True enough, it started to rain just when we were leaving the garden! We stopped by the historical Hotel Salak The Heritage (built in 1856 by the Dutch government to serve as a guest house for Bogor Palace) before heading out for dinner at Hotel Santika Bogor. The hotel is located in Botani Square, Bogor’s biggest mall.

After dinner, we got on the bus and left directly for Jakarta, where we would be staying at the beautiful Ayana Midplaza Jakarta. After about an hour’s drive, we arrived at the hotel, took a few minutes to freshen up, before checking out the night life. You know what happened next.

Unity in diversity

We learned that every Sunday morning in Jakarta, the city observes “Car-Free Day.” So from 6 to 11 a.m., there are no cars on the main avenues of the city. Instead people enjoy each others’ company strolling, cycling, skating—even shopping, as street vendors set up shop.

We left the hotel to experience all of this, and indeed the hours spent walking were hours well-spent. It’s like enjoying a non-crowded Sinulog Sunday at Edsa.

After a quick water break in a nearby mall, we all went to Thamrin city, a place known for its batik shopping with its numerous choices it can offer the curious fashionista. Batik is an Indonesian-technique of wax resist dyeing applied to cloth. This results in uniquely and exclusively beautiful prints commonly seen in Indonesia.

After lunch at the award-winning Dapur Babah, we were off to see city landmarks located in the center of Jakarta: Merdeka Square.

This square is considered one of the largest squares in the world with an area of about one square kilometer. At its center is the National Monument (or known as “Monas”). Built in 1961, it is a symbol to commemorate Indonesia’s struggle for independence. Beside the square is another presidential palace, Merdeka Palace—one of the country’s six presidential palaces.

A short city drive after, the group got off the bus to see the Istiqlal Mosque (a huge structure which can accommodate 200,000 people), and then the Jakarta Cathedral.

Yes, both structures were beside each other.

According to our tour guide, Sukandi, this is evidence of how an actual and working co-existence between both religious camps can be seen and felt in Jakarta. The locals have found a way to make things work. Sukandi also took the time to share to us the significance of the Garuda Pancasila, the national emblem of Indonesia, which you can see by the cathedral’s side entrance. A “Garuda” is a mythical bird, while “Pancasila” is the foundational philosophical theory of Indonesia.

The Garuda Pancasila is packed with meaning reminding Indonesians of the importance of belief in one supreme God (star), care for humanity (chain), unity (Banyan tree), democracy (bull) and the upholding of social justice and welfare (rice and cotton). Held by the Garuda is a scroll with the text “Bhinneka Tunggal Ika” which means “Unity in Diversity.” There are many more details about the Garuda Pancasila you’d want to discover for yourself when you’re in Jakarta.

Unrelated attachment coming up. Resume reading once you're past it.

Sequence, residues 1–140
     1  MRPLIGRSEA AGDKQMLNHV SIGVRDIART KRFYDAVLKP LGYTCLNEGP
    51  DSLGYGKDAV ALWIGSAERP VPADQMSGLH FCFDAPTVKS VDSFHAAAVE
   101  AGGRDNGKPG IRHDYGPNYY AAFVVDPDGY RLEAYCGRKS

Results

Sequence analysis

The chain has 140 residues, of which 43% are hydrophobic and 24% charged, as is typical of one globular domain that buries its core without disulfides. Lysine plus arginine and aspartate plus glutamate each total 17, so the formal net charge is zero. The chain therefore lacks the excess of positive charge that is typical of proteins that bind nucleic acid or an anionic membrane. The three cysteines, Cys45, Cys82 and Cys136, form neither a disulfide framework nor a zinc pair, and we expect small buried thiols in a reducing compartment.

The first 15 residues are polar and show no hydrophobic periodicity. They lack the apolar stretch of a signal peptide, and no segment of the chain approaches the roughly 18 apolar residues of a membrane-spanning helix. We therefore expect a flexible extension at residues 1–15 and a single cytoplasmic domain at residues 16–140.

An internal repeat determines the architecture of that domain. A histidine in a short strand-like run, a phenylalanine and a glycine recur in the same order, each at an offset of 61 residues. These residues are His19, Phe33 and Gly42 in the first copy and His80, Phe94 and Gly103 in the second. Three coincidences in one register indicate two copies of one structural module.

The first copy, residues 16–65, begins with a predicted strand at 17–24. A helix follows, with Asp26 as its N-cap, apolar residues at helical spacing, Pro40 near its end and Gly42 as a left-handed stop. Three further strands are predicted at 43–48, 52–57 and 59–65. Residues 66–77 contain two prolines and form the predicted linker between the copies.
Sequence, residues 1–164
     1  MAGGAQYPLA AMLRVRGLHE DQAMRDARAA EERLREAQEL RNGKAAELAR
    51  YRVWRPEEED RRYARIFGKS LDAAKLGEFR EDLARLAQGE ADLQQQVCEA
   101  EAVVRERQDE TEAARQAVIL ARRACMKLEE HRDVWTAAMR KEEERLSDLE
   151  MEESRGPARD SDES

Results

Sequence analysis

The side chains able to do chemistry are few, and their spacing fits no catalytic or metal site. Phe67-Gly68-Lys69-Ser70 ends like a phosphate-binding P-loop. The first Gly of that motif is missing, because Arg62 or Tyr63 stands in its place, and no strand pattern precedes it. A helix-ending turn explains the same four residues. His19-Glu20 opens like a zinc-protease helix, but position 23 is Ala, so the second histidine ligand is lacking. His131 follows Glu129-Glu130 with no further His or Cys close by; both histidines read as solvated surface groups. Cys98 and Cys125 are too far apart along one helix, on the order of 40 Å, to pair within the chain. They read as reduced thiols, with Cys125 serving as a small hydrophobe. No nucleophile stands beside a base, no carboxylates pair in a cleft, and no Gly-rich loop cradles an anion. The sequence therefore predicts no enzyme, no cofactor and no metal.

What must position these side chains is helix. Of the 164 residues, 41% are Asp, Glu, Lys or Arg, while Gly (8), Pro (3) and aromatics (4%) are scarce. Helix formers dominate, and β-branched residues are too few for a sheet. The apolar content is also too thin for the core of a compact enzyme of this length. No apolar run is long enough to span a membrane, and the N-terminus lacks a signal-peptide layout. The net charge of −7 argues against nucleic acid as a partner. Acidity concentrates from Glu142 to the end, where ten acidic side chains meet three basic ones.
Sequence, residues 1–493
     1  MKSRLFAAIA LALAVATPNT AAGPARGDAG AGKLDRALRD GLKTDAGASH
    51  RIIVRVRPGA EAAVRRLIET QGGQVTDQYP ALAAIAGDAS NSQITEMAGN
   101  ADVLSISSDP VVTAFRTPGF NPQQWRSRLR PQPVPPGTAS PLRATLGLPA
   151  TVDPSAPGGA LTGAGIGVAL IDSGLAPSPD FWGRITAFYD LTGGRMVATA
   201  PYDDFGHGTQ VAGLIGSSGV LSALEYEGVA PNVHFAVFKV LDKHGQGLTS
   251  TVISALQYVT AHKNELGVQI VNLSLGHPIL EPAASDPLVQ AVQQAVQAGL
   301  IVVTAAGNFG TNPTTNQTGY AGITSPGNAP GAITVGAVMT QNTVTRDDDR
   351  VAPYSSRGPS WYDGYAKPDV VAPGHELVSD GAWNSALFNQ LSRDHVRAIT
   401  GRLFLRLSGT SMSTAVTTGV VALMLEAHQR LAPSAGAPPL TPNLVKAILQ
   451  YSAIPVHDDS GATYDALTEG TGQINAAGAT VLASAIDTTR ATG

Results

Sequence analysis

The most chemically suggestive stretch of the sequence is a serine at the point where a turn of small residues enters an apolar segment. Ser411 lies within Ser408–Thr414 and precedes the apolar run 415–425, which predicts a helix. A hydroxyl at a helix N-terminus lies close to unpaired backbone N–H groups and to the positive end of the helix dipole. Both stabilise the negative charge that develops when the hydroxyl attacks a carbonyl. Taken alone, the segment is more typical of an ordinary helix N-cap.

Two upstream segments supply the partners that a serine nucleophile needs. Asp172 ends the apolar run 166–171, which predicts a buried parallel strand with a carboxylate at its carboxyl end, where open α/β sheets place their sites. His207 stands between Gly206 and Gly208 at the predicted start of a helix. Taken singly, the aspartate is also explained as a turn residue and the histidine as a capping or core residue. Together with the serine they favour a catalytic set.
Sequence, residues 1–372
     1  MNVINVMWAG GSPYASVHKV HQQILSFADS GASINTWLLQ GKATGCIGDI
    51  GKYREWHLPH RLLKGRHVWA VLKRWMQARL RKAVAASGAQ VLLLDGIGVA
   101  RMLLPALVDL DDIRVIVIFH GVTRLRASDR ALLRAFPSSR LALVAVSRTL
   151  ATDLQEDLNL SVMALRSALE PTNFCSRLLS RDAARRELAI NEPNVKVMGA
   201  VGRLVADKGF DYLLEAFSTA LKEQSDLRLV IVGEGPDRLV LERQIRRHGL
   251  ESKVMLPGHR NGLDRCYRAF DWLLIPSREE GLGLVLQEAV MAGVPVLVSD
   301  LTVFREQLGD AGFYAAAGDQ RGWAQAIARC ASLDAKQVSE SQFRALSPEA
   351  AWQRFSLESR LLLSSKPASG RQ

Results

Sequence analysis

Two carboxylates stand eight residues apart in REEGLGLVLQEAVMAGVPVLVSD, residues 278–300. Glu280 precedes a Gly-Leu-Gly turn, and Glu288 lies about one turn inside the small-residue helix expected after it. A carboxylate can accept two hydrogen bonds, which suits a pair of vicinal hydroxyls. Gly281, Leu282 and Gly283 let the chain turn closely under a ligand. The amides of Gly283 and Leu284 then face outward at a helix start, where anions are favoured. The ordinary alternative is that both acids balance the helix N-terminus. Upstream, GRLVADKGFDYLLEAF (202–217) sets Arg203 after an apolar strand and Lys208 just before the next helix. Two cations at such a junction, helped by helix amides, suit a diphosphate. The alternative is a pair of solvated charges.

I held what I learned close to heart. I entered the cathedral and said a short prayer. I left the place with a bigger appreciation of what Indonesia has done and is doing.

No longer strangers

We freshened up at the Mercure Jakarta Batavia, a really nice hotel near our next destinations: Fatahillah Square and Café Batavia. Fatahillah Square is located at the center of Jakarta Old Town. This is a classic must-see place for tourists when it comes to street food and local lifestyle. Dinner was hosted by the Jakarta Tourism Office at the historical Café Batavia. The building was constructed around the 1830s and is one of the colonial landmarks facing the square. While the story behind the structure makes for great conversation, the food and drinks (and coffee, too) in Café Batavia are definitely must-tries when you’re here in Jakarta Old Town.

After asking the café’s kind staff to prepare my hot java to go, we were off to the airport where we relaxed before boarding flight 57760 to Manila, then 5J553 to Cebu.

I’m home now. Weeks have passed since the trip, yet still Jakarta’s charm lingers. I still think of her: her people, her love for plants and animals, her peace beyond pride.

It was my first time in Indonesia, actually. “Make first moments happen,” Cebu Pacific would say. Well, I did enjoy my first time, and given the chance, that might not be the only time I would’ve set foot in Indonesia.

It’s all playing back in my mind again, as if still at that night in the club.

“Hello, Jakarta. Nice to meet you.”

She answered back and introduced herself. Now we’re no longer strangers.